Ask Colin: Intertwingularity

Colin, I’m really into making music, and I’m not that good at it yet, but it’s my absolute favorite thing to do each day.

I don’t know if I’ll ever be good enough at making music to do it as a job, though, so I’m also pursuing a bachelor’s degree in biology, so I can maybe work in a lab or something like that. I like science, and I think I could probably enjoy doing this kind of work, too, but I don’t know how I feel about giving up music for it.

Any advice on how to feel better about this situation? It’s not a terrible thing right now, but I worry that it could become worse someday if I focus all my time on my science work and never get to play music again.



Hey Spencer-

There’s a term that I’m quite fond of—intertwingularity—which was coined by the technologist (and frequent coiner-of-words) Ted Nelson to refer to the interconnectedness of all knowledge. According to Nelson, the silos we’ve created to divide information and understanding into fields, professions, practices, and expertises are all illusory: they’re not real.

These divisions may help us figure out what specific knowledge we need to acquire to pass tests, to get jobs, and to understand individual topics deeply, but they don’t indicate that these knowledge-bits are actually, latently separate from each other: all knowledge is interconnected with all other knowledge, no matter how we might organize it for various purposes.

I tend to agree with this sentiment, and have found it to be immensely gratifying and useful to explore fields far beyond the bounds of those in which I ostensibly work.

Learning about music, for instance, has helped me do visual graphic work; graphic work has contributed to my understanding of writing; knowing how to write has helped me learn to code; understanding how to code, and how that code interacts with computer systems, has helped me better understand non-tangible social systems; understanding systems made up of people has helped me more fully grok economic systems; a fundamental grasp of economic dynamics has allowed me to perceive more depth in my relationships; a more rounded view of my relationships has allowed me to distinguish more patterns and nuance in my inner-life; and a more thorough grasp of what’s going on inside my own mind and body has reinforced my love of, and desire to get better at, making music.

This relationship between fields and bodies of knowledge extends far beyond seemingly interconnected bits and pieces, and connects the most diverse practices you can imagine, sometimes in obvious ways, and sometimes in ways that would be invisible from the outside—only becoming apparent once you know enough about both fields to make the required connections.

These relationships are important to recognize in your case, I think, because it sounds to me like you’re perceiving your education and professional development in biology as a siloed, single-focus path, and the reality is that you will likely benefit from having more than one focus in your life.

There’s a book called Range: How Generalists Triumph in a Specialized World that addresses this same issue through an abundance of data showing how diversification in one’s collection of experiences and knowledge actually benefits each specialization, because you’re able to bring understanding and perspective from one field into each of your other chosen fields.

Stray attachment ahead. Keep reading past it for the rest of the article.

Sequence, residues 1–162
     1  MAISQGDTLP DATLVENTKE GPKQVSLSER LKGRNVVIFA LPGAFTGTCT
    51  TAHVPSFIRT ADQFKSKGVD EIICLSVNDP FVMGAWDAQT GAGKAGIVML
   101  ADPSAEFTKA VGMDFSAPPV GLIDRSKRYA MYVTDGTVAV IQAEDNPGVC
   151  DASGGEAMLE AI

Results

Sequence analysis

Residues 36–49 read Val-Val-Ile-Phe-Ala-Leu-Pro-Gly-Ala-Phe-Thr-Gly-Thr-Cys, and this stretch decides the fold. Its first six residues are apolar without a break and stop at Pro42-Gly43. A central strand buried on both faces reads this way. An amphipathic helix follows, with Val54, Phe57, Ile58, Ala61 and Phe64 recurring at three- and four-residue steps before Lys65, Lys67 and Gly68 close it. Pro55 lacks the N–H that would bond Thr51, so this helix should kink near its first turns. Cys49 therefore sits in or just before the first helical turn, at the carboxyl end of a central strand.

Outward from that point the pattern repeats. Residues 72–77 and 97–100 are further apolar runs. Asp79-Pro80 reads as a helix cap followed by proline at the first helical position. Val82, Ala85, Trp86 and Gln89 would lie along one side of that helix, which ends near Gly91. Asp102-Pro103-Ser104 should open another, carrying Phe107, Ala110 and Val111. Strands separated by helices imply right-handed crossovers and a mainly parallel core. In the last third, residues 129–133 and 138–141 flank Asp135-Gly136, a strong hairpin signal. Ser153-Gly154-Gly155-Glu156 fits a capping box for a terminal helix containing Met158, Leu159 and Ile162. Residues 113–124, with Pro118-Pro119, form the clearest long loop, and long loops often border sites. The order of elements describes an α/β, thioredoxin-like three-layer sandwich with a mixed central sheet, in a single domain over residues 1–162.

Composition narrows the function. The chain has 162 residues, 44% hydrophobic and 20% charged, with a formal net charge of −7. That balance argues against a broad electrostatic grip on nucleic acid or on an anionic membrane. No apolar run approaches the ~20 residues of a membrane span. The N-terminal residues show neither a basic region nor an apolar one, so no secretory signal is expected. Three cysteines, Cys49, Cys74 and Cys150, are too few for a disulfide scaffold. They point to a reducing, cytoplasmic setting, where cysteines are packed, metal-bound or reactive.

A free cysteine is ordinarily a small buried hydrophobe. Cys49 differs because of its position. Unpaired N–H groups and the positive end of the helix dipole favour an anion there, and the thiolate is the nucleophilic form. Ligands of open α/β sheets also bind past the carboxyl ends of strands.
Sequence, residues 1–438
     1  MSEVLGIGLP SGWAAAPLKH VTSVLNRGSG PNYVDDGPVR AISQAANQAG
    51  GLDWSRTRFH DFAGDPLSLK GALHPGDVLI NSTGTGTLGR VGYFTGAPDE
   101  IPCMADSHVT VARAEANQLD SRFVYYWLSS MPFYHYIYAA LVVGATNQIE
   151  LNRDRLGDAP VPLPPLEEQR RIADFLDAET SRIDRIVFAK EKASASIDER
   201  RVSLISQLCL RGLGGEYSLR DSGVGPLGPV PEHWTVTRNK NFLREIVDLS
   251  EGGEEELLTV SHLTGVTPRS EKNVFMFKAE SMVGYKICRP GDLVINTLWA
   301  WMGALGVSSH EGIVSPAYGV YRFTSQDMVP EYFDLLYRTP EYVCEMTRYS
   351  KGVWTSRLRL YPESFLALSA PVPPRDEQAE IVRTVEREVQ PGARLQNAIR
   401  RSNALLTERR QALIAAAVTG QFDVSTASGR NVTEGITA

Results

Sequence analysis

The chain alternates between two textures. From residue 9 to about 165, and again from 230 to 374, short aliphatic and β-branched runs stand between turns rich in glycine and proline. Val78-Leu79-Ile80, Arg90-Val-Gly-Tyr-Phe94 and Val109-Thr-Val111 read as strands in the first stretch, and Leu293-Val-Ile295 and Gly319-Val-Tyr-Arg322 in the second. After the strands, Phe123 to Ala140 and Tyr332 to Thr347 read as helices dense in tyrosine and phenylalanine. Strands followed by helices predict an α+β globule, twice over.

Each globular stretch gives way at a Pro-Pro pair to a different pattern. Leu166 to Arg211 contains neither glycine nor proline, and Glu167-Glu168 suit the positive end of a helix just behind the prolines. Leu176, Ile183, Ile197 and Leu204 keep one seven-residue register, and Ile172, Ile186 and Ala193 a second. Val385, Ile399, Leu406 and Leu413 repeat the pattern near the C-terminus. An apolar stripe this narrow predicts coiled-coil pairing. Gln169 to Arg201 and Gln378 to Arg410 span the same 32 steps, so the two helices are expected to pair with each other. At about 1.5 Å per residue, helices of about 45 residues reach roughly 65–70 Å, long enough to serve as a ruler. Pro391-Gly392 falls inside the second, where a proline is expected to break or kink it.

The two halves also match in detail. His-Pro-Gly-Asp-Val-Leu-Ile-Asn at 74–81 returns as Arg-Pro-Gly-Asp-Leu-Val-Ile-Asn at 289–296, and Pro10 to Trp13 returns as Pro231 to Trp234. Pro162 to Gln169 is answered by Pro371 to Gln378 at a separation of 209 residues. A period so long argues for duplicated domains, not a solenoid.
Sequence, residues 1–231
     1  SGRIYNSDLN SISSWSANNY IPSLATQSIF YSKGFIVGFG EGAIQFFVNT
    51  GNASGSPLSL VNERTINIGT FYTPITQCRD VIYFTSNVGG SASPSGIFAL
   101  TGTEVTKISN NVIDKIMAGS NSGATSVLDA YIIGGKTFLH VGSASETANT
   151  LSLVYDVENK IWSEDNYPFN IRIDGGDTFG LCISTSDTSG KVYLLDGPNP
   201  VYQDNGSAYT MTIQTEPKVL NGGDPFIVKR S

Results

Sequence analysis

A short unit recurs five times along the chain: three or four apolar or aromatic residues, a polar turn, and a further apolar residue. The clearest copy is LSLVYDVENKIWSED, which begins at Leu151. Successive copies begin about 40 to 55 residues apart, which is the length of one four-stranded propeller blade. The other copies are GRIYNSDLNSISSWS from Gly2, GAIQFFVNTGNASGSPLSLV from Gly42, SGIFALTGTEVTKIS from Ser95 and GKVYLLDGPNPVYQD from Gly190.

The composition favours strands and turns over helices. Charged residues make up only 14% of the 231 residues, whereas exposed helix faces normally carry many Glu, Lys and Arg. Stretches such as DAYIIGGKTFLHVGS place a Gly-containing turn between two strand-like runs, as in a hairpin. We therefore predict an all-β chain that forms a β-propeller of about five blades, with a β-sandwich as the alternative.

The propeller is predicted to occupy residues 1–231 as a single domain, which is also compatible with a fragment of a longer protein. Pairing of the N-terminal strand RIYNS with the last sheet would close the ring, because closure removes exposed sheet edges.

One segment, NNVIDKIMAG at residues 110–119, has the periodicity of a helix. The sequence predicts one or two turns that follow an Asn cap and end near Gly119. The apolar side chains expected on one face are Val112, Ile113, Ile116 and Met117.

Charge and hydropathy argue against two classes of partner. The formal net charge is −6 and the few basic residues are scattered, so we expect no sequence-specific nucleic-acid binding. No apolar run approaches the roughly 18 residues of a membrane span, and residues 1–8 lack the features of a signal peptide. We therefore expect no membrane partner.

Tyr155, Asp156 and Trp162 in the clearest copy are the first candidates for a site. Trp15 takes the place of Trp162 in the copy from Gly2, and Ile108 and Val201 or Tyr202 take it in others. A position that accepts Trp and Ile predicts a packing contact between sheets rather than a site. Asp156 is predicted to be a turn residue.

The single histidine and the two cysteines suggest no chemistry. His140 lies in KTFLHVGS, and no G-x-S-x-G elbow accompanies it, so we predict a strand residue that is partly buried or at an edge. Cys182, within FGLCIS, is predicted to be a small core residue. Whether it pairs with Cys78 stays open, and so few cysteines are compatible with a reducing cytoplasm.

Among many other revelations, that book notes that many Nobel Prize winners attribute their success in their field to their practice of botany, their cooking habits, or their daily music-making routine, alongside the field for which they actually won the award—physics or medicine or whatever else.

They were able to think differently from everyone else in their field—even those who were arguably further along then them in that field—because they gained insight from other, adjacent or non-adjacent areas of exploration.

Don’t be afraid, in other words, to pursue both music and biology. There’s a very good chance that these fields will inform each other, and you’ll be a better musician and a better biologist because of the presence of the other.

Achieving a broader breadth of knowledge can help you achieve greater depths of knowledge.

Also important to note here is that it’s okay to have hobbies: to spend your time, energy, and resources on things that will never earn you a cent.

Because most of us, these days, are brought up within capitalistic systems of some flavor, we tend to gauge the worth of things in terms of money, even when money isn’t necessarily the best unit of measurement to measure that particular thing.

In this case, it may be prudent to view biology as something you can enjoy, but which will also pay the bills, while music is what you do to keep yourself happy, healthy, and growing in a different way.

I know many people who work jobs that they don’t particularly love, but which are absolutely fine—and which earn them enough money that they can afford to spend the rest of their time doing what they love.

This model, which I sometimes think of as becoming one’s own Medici, or one’s own patron, can provide you with financial stability and security while also allowing you to fund your own work. This provides you with the freedom to pursue whatever ends you want to pursue, uninfluenced by the needs and priorities of some external entity—some other patron that wants you to make a certain type of music, for instance, or stick to a particular performance schedule or instrument.

There’s no single, correct way to plan one’s growth trajectory, or to organize one’s day-to-day lifestyle. But finding this kind of balance—where you get all the things you want, and where each piece supports all the other pieces—is worth aiming for, whatever the specifics of your intended situation might be.

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